Archive for August 2012
Elmer Johnston arrived from Ontario with his wife and young child as a teamster; established his company in 1913 by leasing 2 floors of a warehouse on Beatty Street then sub leased it to a stove company as dry, secure storage. He leased space on Hamilton Street and had premises on the CNR land at the north foot of Main St in the early 1920s (the company were still operating horse-drawn wagons in 1922) and by 1929 had this fine new warehouse on Richards Street where it meets Pacific Boulevard. So far we’ve been unsuccessful at tracing the architect – although it looks like a Townley and Matheson design (similar to the Canadian Linen building a block away that is now the home to Choices Market).
By 1940 Elmer Johnston was president of both the B.C. Automobile Association and the Vancouver Tourist Association and by 1960 Johnston Terminals Ltd claimed to be “the largest and most diversified physical distribution organization in Canada. . . .” The company still operate in the city today – and the building is still standing as a storage warehouse – but perhaps not for much longer.
In 1903 W L Tait, a prominent industrialist and sometime property investor, hired his favourite architects, Parr and Fee, to design a “frame terrace” of six houses built at a cost of $8,000. In 1909 he hired them again to spend an additional $7,000 to alter the building to create an unusual early mixed-use project. Once altered The Orillia, on Robson Street at Seymour, consisted of six rowhouses over a row of retail units.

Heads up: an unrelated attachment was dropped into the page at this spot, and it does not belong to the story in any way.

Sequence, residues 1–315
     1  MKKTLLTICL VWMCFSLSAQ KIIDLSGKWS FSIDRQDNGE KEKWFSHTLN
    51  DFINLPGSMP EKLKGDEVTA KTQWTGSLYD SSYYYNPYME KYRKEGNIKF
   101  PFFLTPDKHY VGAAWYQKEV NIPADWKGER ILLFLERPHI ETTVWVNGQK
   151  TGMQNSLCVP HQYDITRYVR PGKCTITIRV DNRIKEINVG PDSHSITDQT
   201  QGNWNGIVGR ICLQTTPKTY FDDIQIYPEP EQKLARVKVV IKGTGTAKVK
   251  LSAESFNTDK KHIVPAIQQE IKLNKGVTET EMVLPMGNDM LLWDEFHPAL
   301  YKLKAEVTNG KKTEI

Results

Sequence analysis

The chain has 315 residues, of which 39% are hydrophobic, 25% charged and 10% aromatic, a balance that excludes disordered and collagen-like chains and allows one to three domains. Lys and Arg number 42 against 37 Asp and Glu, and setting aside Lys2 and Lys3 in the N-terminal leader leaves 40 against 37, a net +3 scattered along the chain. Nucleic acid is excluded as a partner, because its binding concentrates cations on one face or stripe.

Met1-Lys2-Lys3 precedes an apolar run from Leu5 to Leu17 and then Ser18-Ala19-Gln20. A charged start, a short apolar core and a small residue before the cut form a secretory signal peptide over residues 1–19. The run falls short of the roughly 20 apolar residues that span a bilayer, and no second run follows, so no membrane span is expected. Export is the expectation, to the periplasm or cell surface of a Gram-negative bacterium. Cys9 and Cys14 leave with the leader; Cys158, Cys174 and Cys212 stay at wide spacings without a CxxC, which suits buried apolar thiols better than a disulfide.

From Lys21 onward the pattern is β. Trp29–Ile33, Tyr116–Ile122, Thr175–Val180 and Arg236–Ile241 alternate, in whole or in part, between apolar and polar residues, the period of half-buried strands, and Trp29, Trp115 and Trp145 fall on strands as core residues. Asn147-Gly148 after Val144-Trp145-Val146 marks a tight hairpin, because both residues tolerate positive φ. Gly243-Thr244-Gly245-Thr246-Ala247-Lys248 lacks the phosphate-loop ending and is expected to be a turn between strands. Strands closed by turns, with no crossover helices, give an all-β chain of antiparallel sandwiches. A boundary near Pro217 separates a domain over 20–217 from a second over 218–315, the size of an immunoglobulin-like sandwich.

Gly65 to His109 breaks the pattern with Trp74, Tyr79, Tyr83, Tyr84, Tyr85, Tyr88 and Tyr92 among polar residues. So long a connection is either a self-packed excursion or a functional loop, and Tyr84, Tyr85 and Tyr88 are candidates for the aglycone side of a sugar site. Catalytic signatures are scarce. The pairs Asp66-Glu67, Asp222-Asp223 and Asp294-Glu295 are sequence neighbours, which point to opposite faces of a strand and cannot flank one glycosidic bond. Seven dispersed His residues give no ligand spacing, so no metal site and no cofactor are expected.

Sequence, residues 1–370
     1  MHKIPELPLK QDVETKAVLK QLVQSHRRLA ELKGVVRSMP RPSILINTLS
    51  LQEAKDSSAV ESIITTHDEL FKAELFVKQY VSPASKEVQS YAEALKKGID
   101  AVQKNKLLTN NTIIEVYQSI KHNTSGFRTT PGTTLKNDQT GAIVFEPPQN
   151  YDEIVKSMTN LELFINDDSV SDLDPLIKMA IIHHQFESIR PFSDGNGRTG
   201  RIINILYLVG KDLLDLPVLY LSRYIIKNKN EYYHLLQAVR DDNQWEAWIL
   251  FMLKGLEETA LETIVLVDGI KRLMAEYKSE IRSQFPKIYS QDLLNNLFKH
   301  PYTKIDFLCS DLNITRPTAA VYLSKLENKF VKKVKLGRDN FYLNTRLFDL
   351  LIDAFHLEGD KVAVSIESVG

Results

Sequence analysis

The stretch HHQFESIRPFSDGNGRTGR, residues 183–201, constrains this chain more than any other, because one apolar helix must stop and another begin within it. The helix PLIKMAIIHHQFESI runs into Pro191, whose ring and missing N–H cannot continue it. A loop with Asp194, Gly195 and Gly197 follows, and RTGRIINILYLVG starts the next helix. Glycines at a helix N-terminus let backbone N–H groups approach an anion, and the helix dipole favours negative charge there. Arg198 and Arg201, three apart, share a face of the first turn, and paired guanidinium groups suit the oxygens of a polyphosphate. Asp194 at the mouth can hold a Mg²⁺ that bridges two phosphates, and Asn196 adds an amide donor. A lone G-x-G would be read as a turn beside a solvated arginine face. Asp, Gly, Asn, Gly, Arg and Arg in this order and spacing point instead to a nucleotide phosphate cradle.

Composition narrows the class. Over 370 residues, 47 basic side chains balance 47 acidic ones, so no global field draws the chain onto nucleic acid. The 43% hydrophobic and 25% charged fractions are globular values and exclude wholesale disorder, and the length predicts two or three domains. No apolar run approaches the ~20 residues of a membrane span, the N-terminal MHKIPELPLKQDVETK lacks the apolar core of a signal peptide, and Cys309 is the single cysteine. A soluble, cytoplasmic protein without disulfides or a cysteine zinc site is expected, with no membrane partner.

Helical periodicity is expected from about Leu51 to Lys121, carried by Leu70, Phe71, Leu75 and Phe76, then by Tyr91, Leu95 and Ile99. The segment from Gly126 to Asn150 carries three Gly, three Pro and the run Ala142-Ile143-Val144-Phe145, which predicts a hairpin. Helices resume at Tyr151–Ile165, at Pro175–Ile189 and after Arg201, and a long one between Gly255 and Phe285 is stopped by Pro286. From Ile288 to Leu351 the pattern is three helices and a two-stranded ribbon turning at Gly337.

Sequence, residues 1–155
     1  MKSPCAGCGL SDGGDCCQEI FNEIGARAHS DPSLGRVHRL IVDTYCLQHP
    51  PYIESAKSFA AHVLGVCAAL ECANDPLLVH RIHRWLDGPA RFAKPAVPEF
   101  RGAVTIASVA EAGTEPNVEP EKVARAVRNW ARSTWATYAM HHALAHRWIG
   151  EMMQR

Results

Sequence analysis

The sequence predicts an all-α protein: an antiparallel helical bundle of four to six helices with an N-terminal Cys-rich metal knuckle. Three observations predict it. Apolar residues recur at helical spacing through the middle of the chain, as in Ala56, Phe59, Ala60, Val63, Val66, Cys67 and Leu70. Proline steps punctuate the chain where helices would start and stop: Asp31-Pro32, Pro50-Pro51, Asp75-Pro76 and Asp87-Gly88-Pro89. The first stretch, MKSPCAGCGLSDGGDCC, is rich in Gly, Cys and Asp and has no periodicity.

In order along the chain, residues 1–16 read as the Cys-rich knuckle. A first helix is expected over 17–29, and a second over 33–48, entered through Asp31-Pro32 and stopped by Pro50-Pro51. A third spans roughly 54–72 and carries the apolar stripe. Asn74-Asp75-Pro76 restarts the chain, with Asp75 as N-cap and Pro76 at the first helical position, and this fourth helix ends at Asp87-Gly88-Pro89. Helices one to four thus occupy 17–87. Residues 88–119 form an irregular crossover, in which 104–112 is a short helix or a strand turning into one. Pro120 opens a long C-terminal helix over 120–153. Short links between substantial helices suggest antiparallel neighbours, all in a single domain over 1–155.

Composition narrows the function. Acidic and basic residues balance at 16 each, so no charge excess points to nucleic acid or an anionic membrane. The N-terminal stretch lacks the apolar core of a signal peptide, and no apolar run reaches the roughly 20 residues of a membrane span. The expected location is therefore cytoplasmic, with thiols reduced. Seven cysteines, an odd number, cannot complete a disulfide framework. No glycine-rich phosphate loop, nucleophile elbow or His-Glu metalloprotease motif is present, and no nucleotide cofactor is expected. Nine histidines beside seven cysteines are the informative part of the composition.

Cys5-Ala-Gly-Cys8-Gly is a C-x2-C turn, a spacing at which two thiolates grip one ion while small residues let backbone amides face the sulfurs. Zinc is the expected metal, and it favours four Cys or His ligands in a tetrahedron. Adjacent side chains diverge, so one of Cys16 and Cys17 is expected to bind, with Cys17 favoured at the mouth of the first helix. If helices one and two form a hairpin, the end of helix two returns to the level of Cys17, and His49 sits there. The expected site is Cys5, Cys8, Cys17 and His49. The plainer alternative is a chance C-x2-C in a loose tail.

Tait was associated with the delightfully named Rat Portage Lumber Co, and his business and property investments (including The Manhattan, further west on Robson) made him wealthy enough to build his new home, Glen Brae, on Matthews Avenue – these days the house is known as Canuck Place. The Rat Portage name is a name of a town in Ontario (today’s Kenora) and comes from “portage to the country of the muskrat”. There was a lumber concern back east with the Rat Portage name and the BC company was initially associated with it. The Vancouver mill was where the federal fish wharf is next to Granville Island and Tait had a small shingle mill in operation by 1888. This is where the Rat Portage mill was built in 1902, until it burned down in 1933.